Sports column by Matt Dickerson: Trout season is heating up
I started my drive toward Otter Creek two hours before sunset. My waders and fly-rod were in the back of the car along with a couple tins of new flies freshly tied over the winter and still undamaged by rocks, branches, or the mouths of fish.
On the drive over I passed several cars parked in pull-offs by River Road near popular fishing spots on the New Haven River. Even some of the less-frequented spots where I often like to fish held anglers standing out in the water casting. At least a dozen anglers were spread out over just a couple miles of river. And I knew what that meant: word was out that the New Haven River had recently been stocked. I would later verify on the Vermont Fish and Wildlife website that the state had released 2,000 hatchery-raised brown trout and 1,500 rainbows into the river. A fair number of them would have sore lips by the end of the night.
Arriving at Otter Creek, I was glad to see the parking lot empty. Downstream of Rutland, it had not yet been stocked. I parked the car, pulled on my waders and boots, tied on a fly, and was already wading out into the water when Wes Butler arrived to join me.
The air above the creek was thick with insects. Swarms of caddis flies fluttered upriver, dipping from time to time to skitter along the surface of the water and lay eggs. Large brown stoneflies could also be seen hovering over the river. It was a delightful meal for birds and fish alike. Cedar waxwings were circling out from their bankside and power line perches to gobble up the abundant food.
Despite the visible insect activity, however, neither Wes nor I saw any telltale rings in the water to mark where trout had risen for their share of the smorgasbord. Maybe they would start feeding a little later, we told each other hopefully. Fishing has been pretty hot for local anglers the past couple weeks — in more ways than one! As evidenced by the scene on Otter Creek that evening, aquatic insect life has kicked into high gear, and with it so has the trout fishing. Reports from several fishing friends over the past couple weeks have been outstanding. After an April that was both drier than usual and a couple degrees cooler than average, May seemed to blast into the year like a breeze coming across tarmac. It felt more like mid June or even July than early May. And it was just as dry. And as air temperatures soared, so did water temperatures. And river levels fell quickly.
The river was warm enough, in fact, that Wes had already transitioned to wet wading: fishing without waders. “Checked the water temp recently?” I asked him. “Yesterday,” he answered. “Mid sixties.” I cringed. That is already at the upper range of preferred water temps for brown trout. Very warm for early May, I thought. It boded well for the evening, but not for the rest of the summer.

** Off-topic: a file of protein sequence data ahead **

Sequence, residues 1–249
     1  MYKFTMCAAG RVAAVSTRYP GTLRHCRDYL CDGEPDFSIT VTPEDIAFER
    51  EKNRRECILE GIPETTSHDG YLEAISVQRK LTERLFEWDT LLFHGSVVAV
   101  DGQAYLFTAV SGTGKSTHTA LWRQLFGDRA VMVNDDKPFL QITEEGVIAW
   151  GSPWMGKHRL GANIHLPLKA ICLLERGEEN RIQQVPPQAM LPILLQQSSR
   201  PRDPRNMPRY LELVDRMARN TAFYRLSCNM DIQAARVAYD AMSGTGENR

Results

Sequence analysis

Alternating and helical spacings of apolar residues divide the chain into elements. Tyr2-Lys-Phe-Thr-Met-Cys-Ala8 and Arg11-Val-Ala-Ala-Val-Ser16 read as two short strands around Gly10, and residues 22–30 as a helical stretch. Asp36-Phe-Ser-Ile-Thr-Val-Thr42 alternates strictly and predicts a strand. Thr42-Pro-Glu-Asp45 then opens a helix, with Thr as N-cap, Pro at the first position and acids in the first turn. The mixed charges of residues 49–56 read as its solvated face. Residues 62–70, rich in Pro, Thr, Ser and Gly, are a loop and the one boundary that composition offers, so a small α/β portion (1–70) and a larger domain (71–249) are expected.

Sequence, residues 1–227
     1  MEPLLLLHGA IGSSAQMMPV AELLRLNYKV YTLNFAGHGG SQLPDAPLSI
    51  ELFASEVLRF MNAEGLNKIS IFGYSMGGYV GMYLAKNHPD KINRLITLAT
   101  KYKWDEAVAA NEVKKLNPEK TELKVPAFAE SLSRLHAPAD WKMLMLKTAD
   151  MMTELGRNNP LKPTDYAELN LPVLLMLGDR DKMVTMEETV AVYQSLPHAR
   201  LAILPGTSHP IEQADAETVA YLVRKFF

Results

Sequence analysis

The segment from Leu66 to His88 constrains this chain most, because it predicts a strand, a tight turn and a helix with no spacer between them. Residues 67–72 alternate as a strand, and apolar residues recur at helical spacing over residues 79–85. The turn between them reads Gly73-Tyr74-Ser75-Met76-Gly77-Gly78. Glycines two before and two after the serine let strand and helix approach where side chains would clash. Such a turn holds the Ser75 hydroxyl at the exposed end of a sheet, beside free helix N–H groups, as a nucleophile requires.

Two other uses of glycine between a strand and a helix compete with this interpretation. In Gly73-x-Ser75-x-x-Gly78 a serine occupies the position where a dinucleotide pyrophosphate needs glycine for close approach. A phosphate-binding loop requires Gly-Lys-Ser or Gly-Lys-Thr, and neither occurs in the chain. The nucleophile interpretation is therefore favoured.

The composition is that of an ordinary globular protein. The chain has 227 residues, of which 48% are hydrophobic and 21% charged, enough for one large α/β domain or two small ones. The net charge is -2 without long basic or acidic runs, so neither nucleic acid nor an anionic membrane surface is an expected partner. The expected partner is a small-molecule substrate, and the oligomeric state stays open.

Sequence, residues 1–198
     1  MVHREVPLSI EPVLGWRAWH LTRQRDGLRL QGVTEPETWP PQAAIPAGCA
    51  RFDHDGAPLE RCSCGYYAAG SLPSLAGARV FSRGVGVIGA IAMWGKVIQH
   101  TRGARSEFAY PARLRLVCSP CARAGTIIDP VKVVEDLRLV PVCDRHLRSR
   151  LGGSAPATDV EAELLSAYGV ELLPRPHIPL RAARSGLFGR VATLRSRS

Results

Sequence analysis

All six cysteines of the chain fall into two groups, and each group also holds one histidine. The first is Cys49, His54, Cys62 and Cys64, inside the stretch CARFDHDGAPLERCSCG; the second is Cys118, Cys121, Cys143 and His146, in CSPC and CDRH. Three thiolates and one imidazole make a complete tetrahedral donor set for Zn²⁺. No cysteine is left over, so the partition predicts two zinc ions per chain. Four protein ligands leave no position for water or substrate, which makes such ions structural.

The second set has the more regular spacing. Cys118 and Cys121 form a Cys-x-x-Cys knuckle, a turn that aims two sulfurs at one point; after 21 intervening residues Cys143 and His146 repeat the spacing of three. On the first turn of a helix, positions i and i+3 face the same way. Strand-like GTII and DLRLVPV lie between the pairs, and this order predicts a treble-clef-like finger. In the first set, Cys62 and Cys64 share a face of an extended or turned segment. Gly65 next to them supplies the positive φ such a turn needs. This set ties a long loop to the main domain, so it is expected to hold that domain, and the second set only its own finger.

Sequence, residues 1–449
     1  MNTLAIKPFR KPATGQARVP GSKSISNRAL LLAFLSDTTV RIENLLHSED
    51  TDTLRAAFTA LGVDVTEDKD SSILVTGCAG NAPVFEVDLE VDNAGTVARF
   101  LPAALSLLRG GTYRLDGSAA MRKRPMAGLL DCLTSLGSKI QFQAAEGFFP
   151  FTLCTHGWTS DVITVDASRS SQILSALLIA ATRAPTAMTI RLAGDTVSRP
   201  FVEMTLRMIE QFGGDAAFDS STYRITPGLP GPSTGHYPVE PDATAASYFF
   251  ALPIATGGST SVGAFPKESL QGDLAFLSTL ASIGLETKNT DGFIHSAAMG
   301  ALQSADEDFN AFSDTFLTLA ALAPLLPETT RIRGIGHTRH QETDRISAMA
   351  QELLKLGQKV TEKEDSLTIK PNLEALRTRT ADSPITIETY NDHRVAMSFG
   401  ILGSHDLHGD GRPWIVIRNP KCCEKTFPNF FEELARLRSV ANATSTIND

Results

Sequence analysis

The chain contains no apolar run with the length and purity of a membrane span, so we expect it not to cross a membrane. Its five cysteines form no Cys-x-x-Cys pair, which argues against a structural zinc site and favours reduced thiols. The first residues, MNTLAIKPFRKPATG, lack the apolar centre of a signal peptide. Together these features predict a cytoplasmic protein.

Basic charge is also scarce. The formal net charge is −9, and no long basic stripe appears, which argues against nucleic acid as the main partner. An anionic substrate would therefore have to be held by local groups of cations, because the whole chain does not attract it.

The water was also much clearer and lower than I expected. Otter Creek, being the largest of the local rivers and one that drains lots of flood plain, is also the last to subside after spring runoff. But there was no sign of that now. In fact, later in the evening with some patience and considerable care I was able to wade all the way across Otter Creek to reach a likely looking stretch of water — and then to release one of my flies from beneath a rock. Wading Otter Creek is something I often can’t do until July.
Since there were signs of rising fish, I tied on two imitation nymphs to fish below the surface, drifted as close to the bottom as I could: one large heavy stonefly imitation, and another smaller fly that might resemble a mayfly rising from the bottom. I would rotate back to these flies several times through the evening. And neither would get a strike. But two casts after switching to a little imitation rainbow trout I created got a hard hit. Then another. And then a third, all over the course of four minutes.
And that would be the story for the evening, for both Wes and me. We fished for two and a half hours, right past sunset to dusk when the first bat was out and it was too dark to see our flies on the surface. Both of us had some tugs on our own variations of young rainbow trout. Neither of us managed to set a hook. For a brief period there were three trout rising in a difficult-to-reach stretch of river that was too deep to wade and with a shoreline making a traditional fly cast impossible. Wes managed to land a caddis imitation on top of them with a couple beautiful roll casts, but they ignored his fly.
Back at the car we discussed other memorable fish we have caught, or lost, why the fish might not have been rising that evening, and — most importantly — when we would next meet and go fishing.
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